The short range of effective fire 20-mm towed and self-propelled anti-aircraft installations, the impossibility of all-weather use, the absence of an armored turret and target detection radar caused the US Army to launch a divisional defense anti-aircraft installation in the middle of the 70-s. level The emergence of this program is due to the fact that the US military was seriously concerned about the increased capabilities of the Soviet fighter-bombers and front-line bombers capable of operating effectively at low altitudes, where anti-aircraft missiles were ineffective. In addition, combat helicopters Mi-24, armed with anti-tank missiles with a launch range exceeding the effective range of the Vulcan anti-aircraft guns, appeared in the USSR. After the start of deliveries to the troops of the M1 Abrams and the Bradley BMP M2, the American military faced the fact that the ZNU M163 and the MIM-72 Chaparrel simply did not have time for new vehicles and could not provide anti-aircraft protection. Evidence that modern ZSU can be a serious threat to military aviation, was the experience of battles in the Middle East. Israeli pilots, trying to avoid the defeat of anti-aircraft missiles, went to low-altitude flights, and at the same time suffered significant losses from the ZSU-23-4 Shilka.
Five ZSU armed with anti-aircraft machine guns caliber 30-40 mm took part in the competition DIVAD. They all had radar detection and tracking. In May 1981, the winner was the installation of Ford Aerospace & Communications Corporation. ZSU received the official name of "Sergeant York" (in honor of Sergeant Alvin York, the hero of the First World War) and the M247 index. The contract worth $ 5 billion provided for the supply of 618 ZSU for 5 years.
The new anti-aircraft self-propelled gun turned out to be not easy, its weight in the combat position was 54,4 T. The base for the MNNXX anti-aircraft installation was the chassis of the M247-48 tank. In 5's, the M80 tanks were already considered obsolete, but a significant number of M48A48 tanks were available at the storage bases. Using the chassis of these tanks was supposed to reduce the cost of production ZSU. A turret with two 5-mm anti-aircraft guns was mounted in the center of the hull. On the roof of the tower there are two radar antennas: on the left is a round-shaped tracking radar antenna, and a flat target radar antenna at the back. The detection radar was a modified AN / APG-40 station used on the F-66A / B fighter aircraft. Both antennas could be folded to reduce the height of the ZSU on the march. The crew of the car - three people. The gunner is located on the left side of the tower, and the commander is on the right, each seat is equipped with a separate hatch. The gunner has a sight with a laser rangefinder, the commander’s place is equipped with a panoramic observation device. The guidance system is fully automatic, without the possibility of mechanical control. 16-mm twin guns have electric vertical guidance, the turret rotates 40 °. Each gun is equipped with a separate magazine, ammunition is 360 projectile.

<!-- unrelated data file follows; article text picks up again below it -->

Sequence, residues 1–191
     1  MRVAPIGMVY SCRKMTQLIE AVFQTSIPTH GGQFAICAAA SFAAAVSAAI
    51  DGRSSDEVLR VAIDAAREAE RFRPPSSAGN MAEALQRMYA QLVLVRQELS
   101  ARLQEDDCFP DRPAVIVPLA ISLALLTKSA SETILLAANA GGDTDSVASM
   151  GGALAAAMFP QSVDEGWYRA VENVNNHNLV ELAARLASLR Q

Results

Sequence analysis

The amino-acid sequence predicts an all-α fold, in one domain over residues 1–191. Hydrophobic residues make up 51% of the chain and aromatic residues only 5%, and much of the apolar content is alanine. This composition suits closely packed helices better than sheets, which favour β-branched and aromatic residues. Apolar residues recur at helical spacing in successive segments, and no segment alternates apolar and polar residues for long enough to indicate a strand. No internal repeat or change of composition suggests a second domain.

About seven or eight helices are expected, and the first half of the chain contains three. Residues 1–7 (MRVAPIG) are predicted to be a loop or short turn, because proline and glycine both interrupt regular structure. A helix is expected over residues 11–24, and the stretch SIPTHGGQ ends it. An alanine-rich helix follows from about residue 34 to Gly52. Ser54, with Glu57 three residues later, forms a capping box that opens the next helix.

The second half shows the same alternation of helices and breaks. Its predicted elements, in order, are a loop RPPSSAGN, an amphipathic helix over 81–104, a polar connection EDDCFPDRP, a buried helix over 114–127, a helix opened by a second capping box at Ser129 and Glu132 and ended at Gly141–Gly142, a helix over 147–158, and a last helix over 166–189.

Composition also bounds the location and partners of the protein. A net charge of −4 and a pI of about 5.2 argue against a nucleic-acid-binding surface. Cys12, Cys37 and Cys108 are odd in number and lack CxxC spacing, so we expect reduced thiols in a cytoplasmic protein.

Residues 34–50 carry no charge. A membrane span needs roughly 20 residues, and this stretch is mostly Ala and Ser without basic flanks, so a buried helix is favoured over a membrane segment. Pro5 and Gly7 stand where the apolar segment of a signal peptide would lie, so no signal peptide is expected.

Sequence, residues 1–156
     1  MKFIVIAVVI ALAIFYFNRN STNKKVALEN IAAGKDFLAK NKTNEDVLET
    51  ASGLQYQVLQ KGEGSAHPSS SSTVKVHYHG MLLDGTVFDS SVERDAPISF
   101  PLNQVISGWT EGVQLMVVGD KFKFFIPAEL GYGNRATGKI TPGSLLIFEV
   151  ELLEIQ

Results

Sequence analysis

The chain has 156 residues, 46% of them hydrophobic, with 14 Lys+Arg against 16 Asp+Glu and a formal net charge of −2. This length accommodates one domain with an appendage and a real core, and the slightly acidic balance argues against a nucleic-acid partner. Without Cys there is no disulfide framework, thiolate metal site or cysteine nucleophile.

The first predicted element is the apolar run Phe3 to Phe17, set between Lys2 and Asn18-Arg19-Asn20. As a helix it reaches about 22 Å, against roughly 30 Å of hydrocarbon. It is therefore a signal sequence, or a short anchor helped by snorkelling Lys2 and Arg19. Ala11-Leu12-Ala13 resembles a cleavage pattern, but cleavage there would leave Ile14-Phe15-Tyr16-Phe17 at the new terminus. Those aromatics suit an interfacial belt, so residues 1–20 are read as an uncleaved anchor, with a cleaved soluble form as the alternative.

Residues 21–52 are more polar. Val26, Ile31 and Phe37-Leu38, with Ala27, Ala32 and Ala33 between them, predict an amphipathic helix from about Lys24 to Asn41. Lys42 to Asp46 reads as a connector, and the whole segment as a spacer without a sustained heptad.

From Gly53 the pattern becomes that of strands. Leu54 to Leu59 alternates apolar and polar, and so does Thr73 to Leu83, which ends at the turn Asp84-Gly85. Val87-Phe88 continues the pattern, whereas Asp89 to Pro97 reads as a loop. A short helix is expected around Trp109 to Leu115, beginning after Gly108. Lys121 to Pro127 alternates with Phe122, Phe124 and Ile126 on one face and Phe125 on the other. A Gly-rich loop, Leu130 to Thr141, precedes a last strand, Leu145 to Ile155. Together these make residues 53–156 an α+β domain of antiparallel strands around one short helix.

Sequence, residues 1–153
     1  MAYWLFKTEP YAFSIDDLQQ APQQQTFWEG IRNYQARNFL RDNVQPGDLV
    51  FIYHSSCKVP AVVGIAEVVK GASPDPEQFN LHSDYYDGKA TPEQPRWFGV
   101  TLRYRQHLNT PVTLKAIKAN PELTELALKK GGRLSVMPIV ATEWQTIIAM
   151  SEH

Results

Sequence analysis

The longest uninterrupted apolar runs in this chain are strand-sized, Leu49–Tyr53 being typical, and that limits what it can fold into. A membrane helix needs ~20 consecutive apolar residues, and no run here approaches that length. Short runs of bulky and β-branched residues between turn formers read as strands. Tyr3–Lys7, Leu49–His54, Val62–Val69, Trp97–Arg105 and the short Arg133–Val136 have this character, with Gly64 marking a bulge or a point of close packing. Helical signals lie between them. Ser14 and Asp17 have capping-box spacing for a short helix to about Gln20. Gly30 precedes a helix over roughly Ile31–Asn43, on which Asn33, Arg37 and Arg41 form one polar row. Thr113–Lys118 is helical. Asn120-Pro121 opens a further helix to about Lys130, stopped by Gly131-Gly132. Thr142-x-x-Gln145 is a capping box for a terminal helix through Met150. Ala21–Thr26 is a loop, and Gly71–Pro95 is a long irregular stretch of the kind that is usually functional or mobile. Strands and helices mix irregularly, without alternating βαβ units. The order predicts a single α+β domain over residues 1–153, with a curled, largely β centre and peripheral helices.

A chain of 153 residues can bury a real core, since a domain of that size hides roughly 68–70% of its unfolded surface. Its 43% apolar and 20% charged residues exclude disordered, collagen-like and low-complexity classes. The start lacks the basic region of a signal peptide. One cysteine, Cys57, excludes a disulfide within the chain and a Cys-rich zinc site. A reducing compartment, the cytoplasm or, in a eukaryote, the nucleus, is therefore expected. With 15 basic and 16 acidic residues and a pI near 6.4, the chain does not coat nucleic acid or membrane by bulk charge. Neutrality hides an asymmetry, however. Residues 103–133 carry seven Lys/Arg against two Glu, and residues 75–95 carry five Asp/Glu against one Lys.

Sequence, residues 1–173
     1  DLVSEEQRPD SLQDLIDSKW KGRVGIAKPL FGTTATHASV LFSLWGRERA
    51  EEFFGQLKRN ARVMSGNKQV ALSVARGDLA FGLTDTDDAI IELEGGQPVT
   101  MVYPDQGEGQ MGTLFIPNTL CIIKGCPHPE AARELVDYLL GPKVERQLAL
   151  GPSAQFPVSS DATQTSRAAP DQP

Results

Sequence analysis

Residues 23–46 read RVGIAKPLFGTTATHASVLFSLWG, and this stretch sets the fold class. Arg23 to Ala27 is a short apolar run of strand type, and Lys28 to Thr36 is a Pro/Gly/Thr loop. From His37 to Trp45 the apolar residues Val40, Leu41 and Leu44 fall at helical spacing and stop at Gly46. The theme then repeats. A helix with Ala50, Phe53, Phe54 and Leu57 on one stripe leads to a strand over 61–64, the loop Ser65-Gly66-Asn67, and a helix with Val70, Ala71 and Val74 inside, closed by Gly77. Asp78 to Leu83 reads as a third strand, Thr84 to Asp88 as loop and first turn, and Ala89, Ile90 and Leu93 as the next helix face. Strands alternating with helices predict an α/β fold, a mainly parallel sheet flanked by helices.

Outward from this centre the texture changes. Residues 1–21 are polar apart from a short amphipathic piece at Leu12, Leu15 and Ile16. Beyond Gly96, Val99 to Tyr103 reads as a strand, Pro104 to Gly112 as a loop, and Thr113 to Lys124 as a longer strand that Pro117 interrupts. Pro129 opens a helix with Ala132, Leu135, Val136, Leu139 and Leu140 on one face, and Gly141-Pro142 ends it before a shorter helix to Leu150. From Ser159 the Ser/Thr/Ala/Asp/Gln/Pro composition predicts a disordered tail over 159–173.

The 40-mm guns used in the M247 had serious differences from the Bofors X-NUMX-mm anti-aircraft guns previously used in the US military. Armament ZSU consisted of two automatic guns L40 Swedish development, which were specially modified for ZSU. The L70 cannon uses 70 × 40 mm R high-power shots with an initial speed 364 kg of projectile - 0.96 – 1000 m / s, survivability of the 1025 barrel shots. When creating the L4000, priority was given not to the rate of fire, but to the high accuracy of firing in short bursts. Technical rate of fire per gun - 70 rds / min. The range of destruction of air targets - 240 m.
Despite winning the competition, the adoption of the ZNU M247 into service caused a storm of criticism. It was pointed out that the machine needs to be refined, the radio-electronic complex is not functioning reliably, and the combat effectiveness is questionable. An indirect recognition of this can be considered the intention of the developer to install on the turret as an additional weapon of the FIM-92 “Stinger” SAM. In addition, the outdated M48А5 chassis could not keep up with the new tanks and infantry fighting vehicles. All this was the reason for the closure of the production of the Sergeant York ZSU M247 in August 1985. Until then, the American industry managed to build 50 machines. Due to the numerous shortcomings, the army refused them, and most of the M247 was used at the air test sites as targets. At present, there are four copies of the ZSU in the museums.
After the epic with the DIVAD program, the American army no longer attempted to use anti-aircraft artillery systems. Moreover, significant reductions in the 90-e years were subjected to anti-aircraft missile units. The US military abandoned the Hawk 21 air defense system, which was heavily invested in upgrading. As already mentioned, the mixed Chaparrel-Vulcan anti-aircraft divisions were replaced with M1097 “Evanjer” air defense systems on the M988 “Hummer” chassis, which, of course, cannot be considered a full-fledged replacement, since the Hummers are seriously inferior to the tracked vehicle. However, recently the US Army has cooled off to anti-aircraft systems. LAW Patriot PAC-3 do not carry combat duty in the United States. In Germany, the American contingent has only four Patriot batteries, which also do not have constant readiness. Anti-aircraft systems are deployed only in potentially missile-dangerous regions to protect American bases from North Korean, Iranian and Syrian ballistic missiles. Ensuring air defense from the enemy's strike aircraft in the theater of operations is assigned primarily to US Air Force fighters.